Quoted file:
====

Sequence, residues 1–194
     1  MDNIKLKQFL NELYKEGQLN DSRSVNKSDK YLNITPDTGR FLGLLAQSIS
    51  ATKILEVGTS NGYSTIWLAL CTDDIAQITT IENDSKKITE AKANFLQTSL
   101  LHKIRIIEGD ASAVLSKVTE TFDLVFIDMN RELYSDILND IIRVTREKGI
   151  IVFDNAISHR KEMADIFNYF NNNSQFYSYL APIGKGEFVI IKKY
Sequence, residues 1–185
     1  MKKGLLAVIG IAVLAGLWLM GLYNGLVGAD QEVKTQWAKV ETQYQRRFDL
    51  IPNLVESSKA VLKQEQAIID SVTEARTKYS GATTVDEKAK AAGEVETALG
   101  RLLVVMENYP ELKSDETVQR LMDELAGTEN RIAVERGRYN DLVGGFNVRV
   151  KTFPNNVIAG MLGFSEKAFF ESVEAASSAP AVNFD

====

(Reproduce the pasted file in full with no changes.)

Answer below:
Sequence, residues 1–194
     1  MDNIKLKQFL NELYKEGQLN DSRSVNKSDK YLNITPDTGR FLGLLAQSIS
    51  ATKILEVGTS NGYSTIWLAL CTDDIAQITT IENDSKKITE AKANFLQTSL
   101  LHKIRIIEGD ASAVLSKVTE TFDLVFIDMN RELYSDILND IIRVTREKGI
   151  IVFDNAISHR KEMADIFNYF NNNSQFYSYL APIGKGEFVI IKKY
Sequence, residues 1–185
     1  MKKGLLAVIG IAVLAGLWLM GLYNGLVGAD QEVKTQWAKV ETQYQRRFDL
    51  IPNLVESSKA VLKQEQAIID SVTEARTKYS GATTVDEKAK AAGEVETALG
   101  RLLVVMENYP ELKSDETVQR LMDELAGTEN RIAVERGRYN DLVGGFNVRV
   151  KTFPNNVIAG MLGFSEKAFF ESVEAASSAP AVNFD